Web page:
The name lapis lazuli literally means “blue stone” – lapis is the Latin word for stone and lazuli comes from the Persian lazward for blue. This vivid blue color comes from the presence of the mineral lazurite in the stone. In fact, lapis lazuli was once known as “ultramarine”, meaning beyond the sea, because of its dazzling blue tones reminiscent of the ocean and because the only sources were found overseas in places like Afghanistan.
Dating back over 6,000 years ago to the early Bronze Age, lapis lazuli jewelry has been found in the Predynastic Egyptian burials of Badari. Powdered lapis was used as early as the 3rd millennium BC in ancient Egypt to create the deep blue pigment used in temple wall paintings and Pharaoh headdresses. The funerary mask of King Tutankhamun was decorated with lapis lazuli as a symbol of power and to invoke the protection of the gods.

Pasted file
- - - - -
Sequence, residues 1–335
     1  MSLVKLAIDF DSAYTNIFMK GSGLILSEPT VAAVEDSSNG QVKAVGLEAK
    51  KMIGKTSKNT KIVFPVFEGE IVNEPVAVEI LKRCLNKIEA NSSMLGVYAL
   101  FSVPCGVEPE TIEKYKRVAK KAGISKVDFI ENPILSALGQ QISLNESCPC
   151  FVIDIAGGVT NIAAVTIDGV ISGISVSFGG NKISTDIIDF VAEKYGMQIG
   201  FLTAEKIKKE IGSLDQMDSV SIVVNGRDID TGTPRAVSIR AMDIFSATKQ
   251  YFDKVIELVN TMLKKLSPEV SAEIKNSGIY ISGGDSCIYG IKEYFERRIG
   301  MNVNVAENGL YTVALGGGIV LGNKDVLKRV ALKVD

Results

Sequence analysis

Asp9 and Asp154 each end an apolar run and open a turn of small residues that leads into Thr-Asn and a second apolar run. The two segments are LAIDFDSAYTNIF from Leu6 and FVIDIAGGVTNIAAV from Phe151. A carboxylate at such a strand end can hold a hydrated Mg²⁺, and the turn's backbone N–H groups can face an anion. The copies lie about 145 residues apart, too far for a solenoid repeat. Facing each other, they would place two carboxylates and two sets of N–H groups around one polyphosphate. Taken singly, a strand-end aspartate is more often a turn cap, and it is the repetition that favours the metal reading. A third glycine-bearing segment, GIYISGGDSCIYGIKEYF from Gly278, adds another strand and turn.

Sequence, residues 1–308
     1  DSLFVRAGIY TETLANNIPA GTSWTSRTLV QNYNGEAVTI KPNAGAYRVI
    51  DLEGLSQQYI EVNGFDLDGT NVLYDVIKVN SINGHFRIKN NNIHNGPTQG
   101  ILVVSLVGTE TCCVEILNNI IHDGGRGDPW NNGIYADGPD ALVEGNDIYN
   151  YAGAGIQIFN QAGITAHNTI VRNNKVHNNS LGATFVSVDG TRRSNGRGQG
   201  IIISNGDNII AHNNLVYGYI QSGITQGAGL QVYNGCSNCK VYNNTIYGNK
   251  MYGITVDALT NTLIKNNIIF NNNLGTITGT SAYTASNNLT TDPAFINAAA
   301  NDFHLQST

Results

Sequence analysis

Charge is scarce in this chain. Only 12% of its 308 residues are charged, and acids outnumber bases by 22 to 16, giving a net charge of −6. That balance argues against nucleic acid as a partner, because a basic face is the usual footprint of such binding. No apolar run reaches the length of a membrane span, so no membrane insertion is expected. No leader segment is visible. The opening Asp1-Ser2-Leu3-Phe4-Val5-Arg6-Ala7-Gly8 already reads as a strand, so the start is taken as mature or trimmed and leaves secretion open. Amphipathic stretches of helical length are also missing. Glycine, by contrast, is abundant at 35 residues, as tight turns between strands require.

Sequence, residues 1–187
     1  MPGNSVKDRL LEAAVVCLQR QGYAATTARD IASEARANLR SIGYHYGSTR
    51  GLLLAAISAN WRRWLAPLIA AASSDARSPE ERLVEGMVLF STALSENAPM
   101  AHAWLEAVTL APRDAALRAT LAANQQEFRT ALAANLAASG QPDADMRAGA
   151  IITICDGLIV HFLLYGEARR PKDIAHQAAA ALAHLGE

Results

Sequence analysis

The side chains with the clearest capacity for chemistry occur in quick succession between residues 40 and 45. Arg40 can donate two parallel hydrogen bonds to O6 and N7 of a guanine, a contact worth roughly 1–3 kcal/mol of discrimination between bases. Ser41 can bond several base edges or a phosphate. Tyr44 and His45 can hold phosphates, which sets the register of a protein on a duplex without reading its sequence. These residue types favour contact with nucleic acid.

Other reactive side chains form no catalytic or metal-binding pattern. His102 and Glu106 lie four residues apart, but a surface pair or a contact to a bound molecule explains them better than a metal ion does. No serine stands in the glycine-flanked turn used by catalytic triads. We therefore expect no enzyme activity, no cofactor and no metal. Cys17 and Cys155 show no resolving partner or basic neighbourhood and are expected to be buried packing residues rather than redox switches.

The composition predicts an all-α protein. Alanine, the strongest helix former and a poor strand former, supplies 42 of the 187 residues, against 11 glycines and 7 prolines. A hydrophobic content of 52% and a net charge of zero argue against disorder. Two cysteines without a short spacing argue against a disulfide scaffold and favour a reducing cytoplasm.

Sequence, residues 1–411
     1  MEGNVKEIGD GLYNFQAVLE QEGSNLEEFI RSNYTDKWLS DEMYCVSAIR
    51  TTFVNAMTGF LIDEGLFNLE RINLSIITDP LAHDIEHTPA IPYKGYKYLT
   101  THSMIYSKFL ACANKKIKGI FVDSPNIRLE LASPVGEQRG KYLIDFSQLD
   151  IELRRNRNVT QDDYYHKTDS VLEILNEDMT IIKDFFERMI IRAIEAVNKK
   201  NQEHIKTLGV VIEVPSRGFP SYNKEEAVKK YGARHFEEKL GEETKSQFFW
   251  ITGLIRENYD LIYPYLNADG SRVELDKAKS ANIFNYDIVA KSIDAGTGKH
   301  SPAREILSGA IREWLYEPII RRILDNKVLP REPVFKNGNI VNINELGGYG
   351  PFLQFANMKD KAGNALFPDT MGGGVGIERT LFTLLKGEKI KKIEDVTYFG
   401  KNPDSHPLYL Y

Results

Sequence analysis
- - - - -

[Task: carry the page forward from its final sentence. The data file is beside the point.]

In the Renaissance era, European painters like Michelangelo, Titian, and Vermeer all used the exquisite ultramarine blue made from lapis lazuli in their most famous works. Its rarity and brilliant hue made it more valuable than gold at the time. But when a synthetic version was later invented, it opened up ultramarine to a wider range of artists. Still, the original lapis lazuli pigment is regarded as superior in quality.
Over the centuries, lapis lazuli spread along the historical trade routes from Afghanistan into China, the Arab world, and Europe, carried by camel caravans and traders who bartered the gemstones. It gained a reputation as a stone of wisdom, capable of unlocking ancient secrets and stimulating enlightenment. Many believed it could grant the wearer courage, clarity, and other powers.